Pair to face poaching charges related to death of popular lion
Updated: 2015-07-30 07:59
By Agencies in Harare, Zimbabwe(China Daily)
Two men were due to appear in a Zimbabwean court on poaching charges on Wednesday after a wealthy US dentist killed a beloved lion at a national park, sparking waves of criticism around the world.
Cecil the lion, a popular attraction among international visitors to Hwange National Park, was lured outside the reserve's boundaries by bait and killed earlier this month.
The hunter was identified as Walter James Palmer, an experienced trophy hunter from Minnesota, who paid $50,000 for the hunt.
Professional Zimbabwean hunter Theo Bronkhorst and local landowner Honest Ndlovu will appear in court in Victoria Falls on Wednesday to face poaching charges.
"Both the professional hunter and land owner had no permit or quota to justify the offtake of the lion and therefore are liable for the illegal hunt," the Zimbabwean Parks Authority said in a statement on Tuesday.
"(They) are being charged for illegally hunting the lion."
The statement made no mention of Palmer, but added that Bronkhorst's son, Zane, was also wanted for questioning.
The Zimbabwe Conservation Task Force charity said Palmer and Bronkhorst had gone out at night with a spotlight and tied a dead animal to their vehicle to lure Cecil into range.
"Palmer shot Cecil with a bow and arrow but this shot didn't kill him. They tracked him down and found him 40 hours later when they shot him with a gun," the charity alleged.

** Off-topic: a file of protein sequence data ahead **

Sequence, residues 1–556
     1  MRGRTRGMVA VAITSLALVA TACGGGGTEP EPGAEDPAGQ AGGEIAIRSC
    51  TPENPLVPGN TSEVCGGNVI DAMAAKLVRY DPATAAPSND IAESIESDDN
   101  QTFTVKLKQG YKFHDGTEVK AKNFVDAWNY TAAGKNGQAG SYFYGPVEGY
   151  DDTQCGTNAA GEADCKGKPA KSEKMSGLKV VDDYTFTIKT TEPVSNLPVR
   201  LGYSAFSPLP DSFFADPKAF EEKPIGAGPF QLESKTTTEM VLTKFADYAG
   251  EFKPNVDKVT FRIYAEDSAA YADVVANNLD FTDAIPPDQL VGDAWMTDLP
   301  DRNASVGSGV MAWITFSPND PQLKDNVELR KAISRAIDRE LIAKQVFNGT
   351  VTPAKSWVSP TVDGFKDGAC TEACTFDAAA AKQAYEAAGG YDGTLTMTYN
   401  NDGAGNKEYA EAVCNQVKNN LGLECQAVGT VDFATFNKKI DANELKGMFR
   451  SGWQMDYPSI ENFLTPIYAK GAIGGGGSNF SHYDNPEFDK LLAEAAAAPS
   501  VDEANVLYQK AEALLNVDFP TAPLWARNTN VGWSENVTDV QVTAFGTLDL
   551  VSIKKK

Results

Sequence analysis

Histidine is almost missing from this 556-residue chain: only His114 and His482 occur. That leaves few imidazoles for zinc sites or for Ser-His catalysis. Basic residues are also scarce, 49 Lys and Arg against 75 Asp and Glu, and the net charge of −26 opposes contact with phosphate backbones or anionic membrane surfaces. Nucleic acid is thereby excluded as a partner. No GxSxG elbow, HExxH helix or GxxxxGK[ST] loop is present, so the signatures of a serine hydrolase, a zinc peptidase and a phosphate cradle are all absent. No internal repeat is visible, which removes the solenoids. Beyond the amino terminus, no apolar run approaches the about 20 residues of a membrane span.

It added that the hunters unsuccessfully tried to hide the dead lion's tracking collar, which was part of a University of Oxford research program.
"Cecil was skinned and beheaded. We don't know the whereabouts of the head," the charity alleged.
Cecil, aged about 13, was said by safari operators to be an "iconic" animal who was recognized by many visitors to Hwange due to his distinctive black mane.
"A lot of people travel long distances coming to Zimbabwe to enjoy our wildlife, and obviously the absence of Cecil is a disaster," Emmanuel Fundira, president of the Safari Operators Association of Zimbabwe, told reporters in the capital, Harare.
He described the lion as "almost semi-domesticated".
Hwange attracted 50,000 visitors last year, about half of them from abroad.
Palmer is well-known in US hunting circles as an expert shot with his bow and arrow, and has traveled across the world in pursuit of leopards, buffalo, rhino, elk and other large mammals.
Palmer, who reportedly pleaded guilty in 2008 to poaching a black bear in Wisconsin, said he had "relied on the expertise of my local professional guides to ensure a legal hunt".
"I deeply regret that my pursuit of an activity I love and practice responsibly and legally resulted in the taking of this lion," Palmer said.
"I had no idea that the lion I took was a known, local favorite, was collared and part of a study until the end of the hunt."
Palmer's Twitter and Facebook accounts and website of his dental practice - River Bluff Dental in Minneapolis, Minnesota - were shut down on Tuesday after being flooded with blistering attacks.
A makeshift memorial began forming outside his shuttered office as people outraged by the story dropped off stuffed animals and flowers, according to images from local media.
The online outrage was intense with the hashtag #CecilTheLion trending, while an online petition demanding justice for Cecil had drawn 95,000 signatures.
AFP - Reuters
Much-loved lion Cecil (front) was killed by a US tourist on a hunt using a bow and arrow. Zimbabwe National Parks Via AFP
Outraged animal lovers left stuffed animals on the doorstep of Dr Walter Palmer's office in Minnesota on Tuesday. Scott Takushi / AP
(China Daily 07/30/2015 page11)
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